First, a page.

Pair of gilt and patinated bronze three-light candelabras on a triangular base. The three arms elegantly shaped as winged cherub heads, topped by candle holders decorated with fine palmette motifs. The centre drip pan and candleholder feature fan-shaped feathers at the top crowning the whole. The gilded bronze stem adorned with palmettes resting on a black patinated bronze body, a gilt bronze pinecone underneath. The whole is held by three caryatids with Egyptian masks. The supports stand on a triangular patinated bronze base with Egyptian curls and palmette leaves.
In 1798, Napoleon headed to Egypt. It was not the first time that the French conjured up such a plan. As early as 1769, the idea had arisen that conquering Egypt would help gain control over the trade with India. When Napoleon made peace with Austria during his expedition through Italy, Great Britain was the only great competing power left. As an invasion of Great Britain was not considered feasible, the earlier resolution to invade Egypt became relevant once more. This manoeuvre would seriously damage the reigning position of the British Great in the Middle East and enable Napoleon to manifest himself as the ruler.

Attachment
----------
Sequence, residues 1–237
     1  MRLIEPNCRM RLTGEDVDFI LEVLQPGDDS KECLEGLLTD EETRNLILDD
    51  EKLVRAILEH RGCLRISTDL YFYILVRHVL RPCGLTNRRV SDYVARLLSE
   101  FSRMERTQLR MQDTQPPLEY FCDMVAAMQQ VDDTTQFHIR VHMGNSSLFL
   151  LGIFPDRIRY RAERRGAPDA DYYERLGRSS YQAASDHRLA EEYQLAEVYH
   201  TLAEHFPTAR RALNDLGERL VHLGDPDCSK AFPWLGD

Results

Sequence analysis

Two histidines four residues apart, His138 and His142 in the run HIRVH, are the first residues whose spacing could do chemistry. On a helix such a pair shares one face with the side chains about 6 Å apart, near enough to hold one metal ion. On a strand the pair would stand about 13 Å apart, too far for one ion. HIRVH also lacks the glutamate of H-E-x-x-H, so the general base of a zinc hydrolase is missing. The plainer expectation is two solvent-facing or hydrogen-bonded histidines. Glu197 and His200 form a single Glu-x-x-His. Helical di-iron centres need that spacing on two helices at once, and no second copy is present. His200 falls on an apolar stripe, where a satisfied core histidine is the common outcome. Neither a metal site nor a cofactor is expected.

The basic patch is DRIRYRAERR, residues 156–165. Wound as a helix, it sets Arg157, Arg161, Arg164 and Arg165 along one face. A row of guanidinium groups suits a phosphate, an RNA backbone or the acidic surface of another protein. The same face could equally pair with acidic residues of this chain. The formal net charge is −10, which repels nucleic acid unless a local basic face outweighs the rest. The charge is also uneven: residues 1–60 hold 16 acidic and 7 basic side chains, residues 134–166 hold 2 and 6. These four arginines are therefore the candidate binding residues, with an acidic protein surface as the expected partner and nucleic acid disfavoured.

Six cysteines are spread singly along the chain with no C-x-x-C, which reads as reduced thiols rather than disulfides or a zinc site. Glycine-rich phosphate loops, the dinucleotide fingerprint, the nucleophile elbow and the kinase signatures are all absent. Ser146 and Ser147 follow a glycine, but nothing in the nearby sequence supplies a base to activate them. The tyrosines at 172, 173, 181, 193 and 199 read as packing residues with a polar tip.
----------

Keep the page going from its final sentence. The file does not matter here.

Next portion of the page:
The ambitious expedition initially got off to a promising start. But within months, while most of the troops had already reached Egypt after a few successful battles, the fleet at sea was defeated by the British. After some time in Egypt, Napoleon was eventually able to return to Paris to seize power in 1799. His remaining men in the Middle East held their ground until 1801, when they were finally defeated by the British.
The venture was a complete failure from a military point of view, but it was a great success on a cultural-scientific level. Because Napoleon had brought along many scientists in addition to his men, an abundance of information concerning Egypt and its many riches was uncovered. This sparked a great interest in, a true madness, everything having to do with Egypt. ‘Egyptomania’ revived and this was reflected in the art, architecture, fashion, applied arts and jewellery of the time in Europe.
This pair of candlesticks wonderfully illustrates how Egyptian stylistic features could be seamlessly applied to the contemporary Empire style. The base with its Egyptian masks and rigid standing supports is crowned by a much airier top half with charming cherubs, making this fine pair of candelabras an elegant ensemble.